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Soviets trumpet space achievements

While the US still pushes its space shuttle toward the launching pad, the Soviet Union piles up more and more flying hours in space, trying for a permanent space station in orbit and brighter political prestige here on earth.

Now that the two cosmonauts who broke the space flight record are said to be recuperating well after their landing Oct. 12, attention here turns to Mongolian and Romanian cosmonauts in training for future flights.

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They are part of an elaborate program to impress Soviet allies and the third world. So far a Czechoslovakian, an East German, a Pole, a Bulgarian, a Hungarian, a Vietnamese, and a Cuban cosmonaut have made brief flights with Soviet commanders.

Two trainee spacemen from France arrived here in September to train for a flight 18 months to two years from now. This is under a joint program that is part of a Soviet effort to capitalize on French unhappiness with Washington and to tap French engineering expertise.

Talks also continue on whether Indian cosmonauts will undergo training. Meanwhile Soviet and Indian officials cooperate on a joint unmanned satellite program.

Soviet officials insist their overall space program is forging ahead on the basis of superior Soviet engineering. In fact, Soviet launch rockets are still smaller than US ones, and the Soviets' own space shuttle program is lagging.

The system they use for getting to and from their veteran Salyut 6 space station is old-fashioned compared to the US shuttle.

But, as Soviet officials say, the Soviet program is working, while the American program, more successful in the past, is still reaching for a new level of sophistication.

And the Soviets never tire of telling the third world that the Vietnamese cosmonaut in July was the first Asian in space, while the Cuban who has just flown was the first Latin American.

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But the Soviet effort is not just political.

It is amassing experience about the effects of space flight on the human body. There are difficulties in readjusting to the gravity of earth, but Soviet officials insist that none of the effects of prolonged flights are irreversible.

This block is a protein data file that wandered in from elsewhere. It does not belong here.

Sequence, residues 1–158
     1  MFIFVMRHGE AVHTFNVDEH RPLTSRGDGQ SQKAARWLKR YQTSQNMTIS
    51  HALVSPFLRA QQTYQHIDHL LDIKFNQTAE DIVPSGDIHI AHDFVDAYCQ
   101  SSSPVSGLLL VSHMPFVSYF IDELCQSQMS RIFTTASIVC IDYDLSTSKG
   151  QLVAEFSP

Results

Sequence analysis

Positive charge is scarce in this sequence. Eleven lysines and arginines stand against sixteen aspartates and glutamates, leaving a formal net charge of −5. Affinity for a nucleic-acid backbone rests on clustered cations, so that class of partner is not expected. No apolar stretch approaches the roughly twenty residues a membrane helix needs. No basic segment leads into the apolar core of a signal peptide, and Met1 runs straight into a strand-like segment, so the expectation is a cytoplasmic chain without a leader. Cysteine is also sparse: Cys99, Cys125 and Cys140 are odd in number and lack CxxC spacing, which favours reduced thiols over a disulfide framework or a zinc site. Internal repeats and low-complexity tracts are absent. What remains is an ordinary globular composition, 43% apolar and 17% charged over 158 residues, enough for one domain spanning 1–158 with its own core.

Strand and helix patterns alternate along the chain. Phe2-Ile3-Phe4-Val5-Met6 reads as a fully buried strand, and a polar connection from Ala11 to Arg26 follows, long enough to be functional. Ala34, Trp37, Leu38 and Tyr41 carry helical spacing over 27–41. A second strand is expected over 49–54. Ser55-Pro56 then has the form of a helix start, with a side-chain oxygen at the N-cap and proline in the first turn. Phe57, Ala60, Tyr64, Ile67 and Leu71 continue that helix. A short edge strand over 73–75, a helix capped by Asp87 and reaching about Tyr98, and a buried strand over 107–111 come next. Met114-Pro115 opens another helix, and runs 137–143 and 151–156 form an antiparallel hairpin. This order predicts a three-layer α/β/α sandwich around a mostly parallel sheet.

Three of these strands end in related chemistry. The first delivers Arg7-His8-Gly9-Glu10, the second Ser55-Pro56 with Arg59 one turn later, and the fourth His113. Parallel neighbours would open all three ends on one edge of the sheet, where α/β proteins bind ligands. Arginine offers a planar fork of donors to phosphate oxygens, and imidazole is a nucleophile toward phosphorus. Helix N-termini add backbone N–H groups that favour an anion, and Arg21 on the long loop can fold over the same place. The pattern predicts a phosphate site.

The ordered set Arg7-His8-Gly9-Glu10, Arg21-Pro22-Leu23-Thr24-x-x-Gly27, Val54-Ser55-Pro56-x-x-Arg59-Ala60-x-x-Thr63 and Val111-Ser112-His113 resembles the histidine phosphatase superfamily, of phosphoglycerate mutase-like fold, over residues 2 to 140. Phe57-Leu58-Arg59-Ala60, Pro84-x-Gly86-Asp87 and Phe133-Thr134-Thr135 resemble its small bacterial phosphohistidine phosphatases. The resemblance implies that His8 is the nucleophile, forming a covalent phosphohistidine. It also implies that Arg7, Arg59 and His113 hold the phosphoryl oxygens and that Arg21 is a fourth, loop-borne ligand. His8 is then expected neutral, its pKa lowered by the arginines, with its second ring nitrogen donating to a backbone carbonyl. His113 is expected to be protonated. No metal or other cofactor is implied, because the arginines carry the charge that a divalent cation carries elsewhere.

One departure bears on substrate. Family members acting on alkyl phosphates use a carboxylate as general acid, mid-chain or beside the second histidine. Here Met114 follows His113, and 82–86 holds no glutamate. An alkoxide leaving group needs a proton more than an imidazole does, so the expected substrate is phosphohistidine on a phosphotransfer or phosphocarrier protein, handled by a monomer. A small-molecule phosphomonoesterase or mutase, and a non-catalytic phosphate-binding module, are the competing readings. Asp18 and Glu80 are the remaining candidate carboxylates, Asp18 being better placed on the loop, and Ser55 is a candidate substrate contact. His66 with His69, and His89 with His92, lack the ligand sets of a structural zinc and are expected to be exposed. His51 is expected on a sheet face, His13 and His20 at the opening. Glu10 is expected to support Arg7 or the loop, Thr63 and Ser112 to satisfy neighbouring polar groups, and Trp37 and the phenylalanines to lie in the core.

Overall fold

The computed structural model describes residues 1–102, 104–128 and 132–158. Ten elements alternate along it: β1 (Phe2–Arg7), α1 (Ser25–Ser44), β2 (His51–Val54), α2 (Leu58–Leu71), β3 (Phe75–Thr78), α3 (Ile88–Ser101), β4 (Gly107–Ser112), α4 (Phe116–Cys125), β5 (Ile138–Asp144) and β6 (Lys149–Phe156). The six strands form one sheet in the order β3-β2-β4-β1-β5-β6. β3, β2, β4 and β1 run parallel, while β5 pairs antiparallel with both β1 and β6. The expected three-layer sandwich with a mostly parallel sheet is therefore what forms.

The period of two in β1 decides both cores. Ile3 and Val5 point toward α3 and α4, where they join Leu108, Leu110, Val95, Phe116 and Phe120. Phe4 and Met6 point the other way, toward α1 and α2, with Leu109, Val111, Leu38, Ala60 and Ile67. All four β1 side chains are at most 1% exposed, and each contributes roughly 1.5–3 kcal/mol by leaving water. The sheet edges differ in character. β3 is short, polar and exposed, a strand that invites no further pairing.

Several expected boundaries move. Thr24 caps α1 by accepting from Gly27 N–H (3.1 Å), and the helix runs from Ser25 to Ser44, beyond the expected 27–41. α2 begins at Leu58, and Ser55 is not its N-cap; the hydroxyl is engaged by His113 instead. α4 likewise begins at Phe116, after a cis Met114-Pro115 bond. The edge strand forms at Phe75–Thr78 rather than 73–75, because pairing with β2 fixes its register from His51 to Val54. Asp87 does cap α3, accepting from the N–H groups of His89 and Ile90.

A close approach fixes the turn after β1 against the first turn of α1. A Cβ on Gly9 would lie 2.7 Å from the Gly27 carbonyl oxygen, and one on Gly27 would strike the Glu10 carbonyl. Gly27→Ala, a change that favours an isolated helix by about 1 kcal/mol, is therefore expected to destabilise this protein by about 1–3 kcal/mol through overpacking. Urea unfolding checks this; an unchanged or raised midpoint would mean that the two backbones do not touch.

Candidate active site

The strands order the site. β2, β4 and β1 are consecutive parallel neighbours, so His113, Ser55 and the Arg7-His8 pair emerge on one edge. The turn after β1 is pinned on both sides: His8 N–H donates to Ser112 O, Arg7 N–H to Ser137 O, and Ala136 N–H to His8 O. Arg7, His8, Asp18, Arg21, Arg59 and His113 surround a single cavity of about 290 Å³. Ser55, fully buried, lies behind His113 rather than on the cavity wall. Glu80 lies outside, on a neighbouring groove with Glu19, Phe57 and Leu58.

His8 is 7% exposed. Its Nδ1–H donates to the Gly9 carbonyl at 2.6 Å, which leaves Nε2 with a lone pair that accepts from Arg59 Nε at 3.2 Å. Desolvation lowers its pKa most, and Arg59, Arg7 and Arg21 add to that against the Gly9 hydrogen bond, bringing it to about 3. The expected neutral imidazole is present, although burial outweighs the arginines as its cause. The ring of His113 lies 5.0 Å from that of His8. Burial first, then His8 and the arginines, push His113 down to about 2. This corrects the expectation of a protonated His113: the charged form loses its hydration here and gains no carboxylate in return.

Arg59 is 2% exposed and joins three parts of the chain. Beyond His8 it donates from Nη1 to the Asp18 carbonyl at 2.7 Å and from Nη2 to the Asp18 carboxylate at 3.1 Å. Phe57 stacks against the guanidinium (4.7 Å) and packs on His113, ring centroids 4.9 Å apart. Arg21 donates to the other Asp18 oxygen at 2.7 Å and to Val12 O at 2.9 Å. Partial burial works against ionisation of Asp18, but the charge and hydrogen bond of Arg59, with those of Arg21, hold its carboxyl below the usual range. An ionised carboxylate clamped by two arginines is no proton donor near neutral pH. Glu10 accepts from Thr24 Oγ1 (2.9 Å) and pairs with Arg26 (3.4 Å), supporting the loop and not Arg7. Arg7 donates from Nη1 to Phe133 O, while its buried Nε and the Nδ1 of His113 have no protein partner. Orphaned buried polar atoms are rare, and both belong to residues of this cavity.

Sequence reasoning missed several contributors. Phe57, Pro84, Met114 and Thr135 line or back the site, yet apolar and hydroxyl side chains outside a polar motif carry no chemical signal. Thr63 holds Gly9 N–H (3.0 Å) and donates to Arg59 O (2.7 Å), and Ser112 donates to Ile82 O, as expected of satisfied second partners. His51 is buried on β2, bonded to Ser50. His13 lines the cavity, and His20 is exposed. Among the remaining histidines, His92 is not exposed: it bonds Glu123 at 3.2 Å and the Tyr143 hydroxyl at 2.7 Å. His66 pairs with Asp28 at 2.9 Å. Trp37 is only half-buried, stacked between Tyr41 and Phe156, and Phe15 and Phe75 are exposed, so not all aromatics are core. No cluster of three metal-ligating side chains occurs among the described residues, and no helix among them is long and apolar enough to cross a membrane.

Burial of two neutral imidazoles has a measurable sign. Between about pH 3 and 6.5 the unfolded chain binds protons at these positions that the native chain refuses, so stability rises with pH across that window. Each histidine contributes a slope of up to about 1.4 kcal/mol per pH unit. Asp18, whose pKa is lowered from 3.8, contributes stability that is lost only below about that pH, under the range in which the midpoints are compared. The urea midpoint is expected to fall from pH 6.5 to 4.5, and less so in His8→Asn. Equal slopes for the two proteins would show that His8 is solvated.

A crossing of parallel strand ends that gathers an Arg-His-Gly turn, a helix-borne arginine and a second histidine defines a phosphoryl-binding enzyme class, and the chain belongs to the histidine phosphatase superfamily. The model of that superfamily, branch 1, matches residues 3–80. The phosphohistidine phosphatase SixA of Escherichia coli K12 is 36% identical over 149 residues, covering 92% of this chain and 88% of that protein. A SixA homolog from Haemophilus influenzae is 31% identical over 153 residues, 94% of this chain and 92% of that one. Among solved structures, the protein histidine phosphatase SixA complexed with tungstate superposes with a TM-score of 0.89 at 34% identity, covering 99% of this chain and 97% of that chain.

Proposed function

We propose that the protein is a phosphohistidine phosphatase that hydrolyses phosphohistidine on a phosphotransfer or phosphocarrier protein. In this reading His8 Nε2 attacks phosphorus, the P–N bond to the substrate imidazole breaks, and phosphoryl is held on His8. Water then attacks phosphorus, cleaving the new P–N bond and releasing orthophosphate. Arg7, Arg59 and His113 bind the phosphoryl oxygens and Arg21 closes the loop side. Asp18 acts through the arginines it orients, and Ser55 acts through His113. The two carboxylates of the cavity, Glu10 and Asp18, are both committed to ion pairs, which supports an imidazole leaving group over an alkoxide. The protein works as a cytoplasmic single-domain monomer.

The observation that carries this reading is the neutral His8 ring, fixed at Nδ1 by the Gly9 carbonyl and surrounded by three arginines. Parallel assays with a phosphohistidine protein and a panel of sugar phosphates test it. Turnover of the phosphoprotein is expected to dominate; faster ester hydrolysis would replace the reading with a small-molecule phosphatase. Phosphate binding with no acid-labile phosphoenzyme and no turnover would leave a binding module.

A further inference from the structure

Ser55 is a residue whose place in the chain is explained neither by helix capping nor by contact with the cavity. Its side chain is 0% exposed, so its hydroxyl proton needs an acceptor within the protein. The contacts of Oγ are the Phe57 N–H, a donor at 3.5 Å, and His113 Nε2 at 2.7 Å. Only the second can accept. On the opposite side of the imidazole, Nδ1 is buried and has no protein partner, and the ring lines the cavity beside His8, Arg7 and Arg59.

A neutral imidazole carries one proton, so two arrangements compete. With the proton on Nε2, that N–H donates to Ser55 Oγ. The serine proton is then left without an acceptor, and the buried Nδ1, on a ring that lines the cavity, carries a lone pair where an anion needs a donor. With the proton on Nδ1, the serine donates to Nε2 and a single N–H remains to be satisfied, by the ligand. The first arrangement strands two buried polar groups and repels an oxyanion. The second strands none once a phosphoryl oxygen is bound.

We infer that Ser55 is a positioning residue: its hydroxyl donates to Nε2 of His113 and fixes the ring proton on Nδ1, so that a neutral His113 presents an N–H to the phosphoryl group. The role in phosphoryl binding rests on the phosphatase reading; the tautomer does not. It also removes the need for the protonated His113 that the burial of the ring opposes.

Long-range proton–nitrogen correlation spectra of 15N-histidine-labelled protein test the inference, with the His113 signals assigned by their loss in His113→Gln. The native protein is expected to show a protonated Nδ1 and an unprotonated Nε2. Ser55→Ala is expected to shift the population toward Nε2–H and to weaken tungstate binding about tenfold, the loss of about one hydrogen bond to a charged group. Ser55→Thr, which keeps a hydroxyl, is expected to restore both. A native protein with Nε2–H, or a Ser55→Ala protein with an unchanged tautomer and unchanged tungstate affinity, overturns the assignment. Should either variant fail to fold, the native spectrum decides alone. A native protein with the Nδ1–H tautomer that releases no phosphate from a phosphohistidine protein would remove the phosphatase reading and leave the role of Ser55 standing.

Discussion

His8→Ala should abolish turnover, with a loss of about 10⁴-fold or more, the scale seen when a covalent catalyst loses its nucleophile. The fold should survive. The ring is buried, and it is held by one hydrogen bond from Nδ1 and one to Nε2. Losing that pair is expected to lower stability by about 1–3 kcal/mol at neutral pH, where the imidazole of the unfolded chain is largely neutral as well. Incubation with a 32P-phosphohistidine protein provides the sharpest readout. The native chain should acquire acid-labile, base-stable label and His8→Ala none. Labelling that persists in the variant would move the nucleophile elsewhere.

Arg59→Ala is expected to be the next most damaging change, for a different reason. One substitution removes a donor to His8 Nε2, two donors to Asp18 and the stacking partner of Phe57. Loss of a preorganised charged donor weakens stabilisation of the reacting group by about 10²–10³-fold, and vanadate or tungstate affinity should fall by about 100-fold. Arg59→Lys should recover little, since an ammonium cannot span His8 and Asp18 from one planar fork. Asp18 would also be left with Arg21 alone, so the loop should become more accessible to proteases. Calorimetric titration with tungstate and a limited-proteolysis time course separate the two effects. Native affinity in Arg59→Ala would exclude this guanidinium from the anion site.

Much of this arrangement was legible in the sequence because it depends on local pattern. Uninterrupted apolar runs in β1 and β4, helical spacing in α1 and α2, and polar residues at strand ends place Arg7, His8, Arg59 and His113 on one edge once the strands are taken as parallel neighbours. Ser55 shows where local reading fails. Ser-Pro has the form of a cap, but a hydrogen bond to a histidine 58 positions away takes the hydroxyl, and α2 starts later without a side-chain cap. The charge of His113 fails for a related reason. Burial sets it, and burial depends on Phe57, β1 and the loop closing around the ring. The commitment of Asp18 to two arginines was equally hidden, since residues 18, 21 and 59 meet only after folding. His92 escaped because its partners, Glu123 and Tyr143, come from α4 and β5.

The program is widening Soviet photography of the USSR and other countries, studying natural resources on earth, and seeing how successfully alloys industry can be made in weightless conditions.

Westerners here assume the Salyut program has some military applications as well, but no details are available.

Soviet scientists claim to have overcome many of the problems of extremely long flights.

The two men just landed, Valery Ryumin and Leonid Popov, exercised on what the news agency Tass called a "mini-stadium."

Three sets of visitors, and two Soviet cosmonauts testing a new Soyuz space capsule, helped relieve boredom. The new Model T capsule approached the level of US capsules in the 1960s: on board were computers and solar panel "wings" to soak up energy.

The Soviets also used an unmanned capsule, the "Progress," to ferry up fresh food and newspapers as well as tools, air supplies, and other necessities.

A decision must now be made on how long the Salyut space station can stay in orbit. It has been circling the earth for about three years. Tass says four main crews have worked on it, and eight more have visited it for short periods.

Whereas the US shuttle can be used over and over again, each Soviet capsule is used for only one round trip to and from Salyut. But Moscow clearly believes the enormous expense to be worthwhile for prestige, for scientific research, and for possible military applications in surveillance, and such fields as satellites that kill other satellites.

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